Oil advanced from a two-week low in New York after US President Barack Obama said congressional leaders approved a deal to raise America's debt ceiling, stoking speculation the world's biggest crude user will avoid a default.
Futures surged as much as 1.9 per cent after Obama spoke from the White House and Senate Majority Leader Harry Reid endorsed the emerging accord between Republican leaders and the administration. The US won't default on its obligations, Senate Minority Leader Mitch McConnell said.
A US Labour Department report on Friday may show July payrolls rose by 90,000 workers.
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"It's a kind of relief for the market," Thina Saltvedt, an analyst at Nordea Bank, said in a phone interview from Oslo. "Risk appetite is again increasing and investors are moving into more risky assets such as oil and commodities."
Crude for September delivery rose as much as $1.85 to $97.55 a barrel in electronic trading on the New York Mercantile Exchange and was at $96.91 at 11.35am London time. The contract dropped $1.74 to $95.70 on Friday, the lowest settlement since July 14. Prices gained 0.3 per cent last month and are 19 per cent higher the past year.
Brent for September settlement climbed $2.06, or 1.8 per cent, to $118.80 a barrel on the London-based ICE Futures Europe exchange. The European benchmark contract was at a premium of $21.82 to New York futures, compared with a record close of $22.63 on July 14.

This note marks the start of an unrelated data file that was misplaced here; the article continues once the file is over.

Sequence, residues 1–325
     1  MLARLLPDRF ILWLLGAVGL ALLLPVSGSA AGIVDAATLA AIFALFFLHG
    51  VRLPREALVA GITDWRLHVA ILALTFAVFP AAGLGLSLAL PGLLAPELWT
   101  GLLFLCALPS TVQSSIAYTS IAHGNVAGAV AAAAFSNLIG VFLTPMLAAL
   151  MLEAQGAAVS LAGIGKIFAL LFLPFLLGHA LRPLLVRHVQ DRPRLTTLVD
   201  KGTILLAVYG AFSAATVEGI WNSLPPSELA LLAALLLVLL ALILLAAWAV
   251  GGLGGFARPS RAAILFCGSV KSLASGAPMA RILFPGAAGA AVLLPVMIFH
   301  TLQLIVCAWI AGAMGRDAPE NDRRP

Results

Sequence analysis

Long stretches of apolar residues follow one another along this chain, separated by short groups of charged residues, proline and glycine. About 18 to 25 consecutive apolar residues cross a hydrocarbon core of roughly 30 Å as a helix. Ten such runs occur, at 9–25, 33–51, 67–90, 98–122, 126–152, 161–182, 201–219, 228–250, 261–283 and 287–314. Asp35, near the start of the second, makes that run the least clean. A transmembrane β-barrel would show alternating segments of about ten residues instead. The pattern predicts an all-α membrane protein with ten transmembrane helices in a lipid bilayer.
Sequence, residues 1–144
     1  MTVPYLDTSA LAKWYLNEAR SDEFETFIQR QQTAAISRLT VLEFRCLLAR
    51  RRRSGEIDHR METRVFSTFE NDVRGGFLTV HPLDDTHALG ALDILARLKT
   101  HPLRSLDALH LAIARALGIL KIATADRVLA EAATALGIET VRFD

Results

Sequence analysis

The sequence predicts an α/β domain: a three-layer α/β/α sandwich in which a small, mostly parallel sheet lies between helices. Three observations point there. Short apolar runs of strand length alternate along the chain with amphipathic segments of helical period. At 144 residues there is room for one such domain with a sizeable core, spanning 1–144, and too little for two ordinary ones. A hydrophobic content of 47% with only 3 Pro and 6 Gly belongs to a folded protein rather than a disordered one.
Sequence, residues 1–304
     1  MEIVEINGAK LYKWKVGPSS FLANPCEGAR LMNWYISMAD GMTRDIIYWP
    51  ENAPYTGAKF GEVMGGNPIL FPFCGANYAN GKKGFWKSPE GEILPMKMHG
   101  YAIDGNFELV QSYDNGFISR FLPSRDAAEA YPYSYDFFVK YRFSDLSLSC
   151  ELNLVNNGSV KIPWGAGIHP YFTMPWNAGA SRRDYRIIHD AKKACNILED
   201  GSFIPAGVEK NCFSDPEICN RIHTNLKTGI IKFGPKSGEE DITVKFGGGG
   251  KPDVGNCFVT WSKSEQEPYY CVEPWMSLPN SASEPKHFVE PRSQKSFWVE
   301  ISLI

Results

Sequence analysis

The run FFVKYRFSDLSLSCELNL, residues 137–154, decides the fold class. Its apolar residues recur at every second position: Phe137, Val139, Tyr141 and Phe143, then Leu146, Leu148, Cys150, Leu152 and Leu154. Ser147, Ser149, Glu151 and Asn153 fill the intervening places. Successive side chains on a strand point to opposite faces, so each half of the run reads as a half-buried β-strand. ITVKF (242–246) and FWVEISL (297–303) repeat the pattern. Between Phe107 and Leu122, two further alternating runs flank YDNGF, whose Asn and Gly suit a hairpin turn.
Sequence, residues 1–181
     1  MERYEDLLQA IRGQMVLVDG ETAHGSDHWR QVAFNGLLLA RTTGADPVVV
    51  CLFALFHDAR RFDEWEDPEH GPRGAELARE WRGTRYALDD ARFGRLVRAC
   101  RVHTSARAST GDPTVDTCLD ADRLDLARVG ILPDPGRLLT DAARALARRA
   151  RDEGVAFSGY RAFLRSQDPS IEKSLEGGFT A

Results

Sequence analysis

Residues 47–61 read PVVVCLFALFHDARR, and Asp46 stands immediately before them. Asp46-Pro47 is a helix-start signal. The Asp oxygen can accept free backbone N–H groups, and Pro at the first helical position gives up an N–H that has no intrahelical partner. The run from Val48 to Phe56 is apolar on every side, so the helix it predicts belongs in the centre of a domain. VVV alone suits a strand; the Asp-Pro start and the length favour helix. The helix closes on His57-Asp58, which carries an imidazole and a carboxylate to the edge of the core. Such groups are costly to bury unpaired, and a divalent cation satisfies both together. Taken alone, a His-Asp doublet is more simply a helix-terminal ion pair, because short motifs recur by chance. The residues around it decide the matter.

"Brent is reacting to the tension in the Middle East escalating once again," Ole Hansen, senior manager of trading advisory team at Saxo Bank, said from Copenhagen.
Congressional leaders are sifting through the details of the tentative bipartisan agreement to raise the debt ceiling, preparing to sell the deal to sceptical Republicans and Democrats ahead of possible votes yesterday.
The deal would raise the $14.3 trillion (Dh52.5 trillion) debt ceiling through 2012, cut spending by about $1 trillion and call for enactment of a law shaving another $1.5 trillion from long-term debt by 2021 — or institute punishing reductions across all government areas, including Medicare and defence programmes, according to congressional officials.